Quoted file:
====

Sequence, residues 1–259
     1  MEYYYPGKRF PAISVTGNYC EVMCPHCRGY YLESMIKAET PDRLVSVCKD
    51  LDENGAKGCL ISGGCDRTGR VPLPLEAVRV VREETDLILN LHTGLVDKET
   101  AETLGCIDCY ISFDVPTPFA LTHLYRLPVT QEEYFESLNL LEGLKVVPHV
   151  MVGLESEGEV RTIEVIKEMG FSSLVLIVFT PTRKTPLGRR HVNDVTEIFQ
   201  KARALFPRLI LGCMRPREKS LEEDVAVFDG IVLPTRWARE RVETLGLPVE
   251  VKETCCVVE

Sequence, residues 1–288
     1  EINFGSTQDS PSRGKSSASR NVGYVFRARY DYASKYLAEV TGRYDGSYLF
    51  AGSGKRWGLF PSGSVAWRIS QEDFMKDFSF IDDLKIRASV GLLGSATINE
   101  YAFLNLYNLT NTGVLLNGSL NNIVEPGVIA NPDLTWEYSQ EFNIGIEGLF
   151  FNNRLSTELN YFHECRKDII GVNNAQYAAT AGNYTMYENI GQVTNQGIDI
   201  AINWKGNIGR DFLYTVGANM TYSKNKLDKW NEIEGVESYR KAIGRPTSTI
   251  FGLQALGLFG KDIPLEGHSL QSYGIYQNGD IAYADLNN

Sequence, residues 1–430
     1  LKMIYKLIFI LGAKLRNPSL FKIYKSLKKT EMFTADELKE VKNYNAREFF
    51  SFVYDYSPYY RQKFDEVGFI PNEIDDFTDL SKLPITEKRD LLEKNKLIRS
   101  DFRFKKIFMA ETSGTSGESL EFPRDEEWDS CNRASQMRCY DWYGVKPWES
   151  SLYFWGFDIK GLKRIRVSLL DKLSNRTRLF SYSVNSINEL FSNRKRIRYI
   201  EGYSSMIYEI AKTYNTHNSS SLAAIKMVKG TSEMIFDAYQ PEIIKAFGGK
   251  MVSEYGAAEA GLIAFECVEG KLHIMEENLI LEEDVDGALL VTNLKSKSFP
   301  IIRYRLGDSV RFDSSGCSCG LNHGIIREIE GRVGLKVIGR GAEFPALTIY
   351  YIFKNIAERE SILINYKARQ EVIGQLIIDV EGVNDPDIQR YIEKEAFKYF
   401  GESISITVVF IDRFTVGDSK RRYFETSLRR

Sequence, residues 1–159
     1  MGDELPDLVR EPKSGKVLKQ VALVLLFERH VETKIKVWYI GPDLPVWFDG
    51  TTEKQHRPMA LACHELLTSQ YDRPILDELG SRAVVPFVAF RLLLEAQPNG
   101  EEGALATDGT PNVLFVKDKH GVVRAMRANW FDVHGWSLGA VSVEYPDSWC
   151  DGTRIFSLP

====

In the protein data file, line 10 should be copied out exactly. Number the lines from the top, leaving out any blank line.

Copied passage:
    51  AGSGKRWGLF PSGSVAWRIS QEDFMKDFSF IDDLKIRASV GLLGSATINE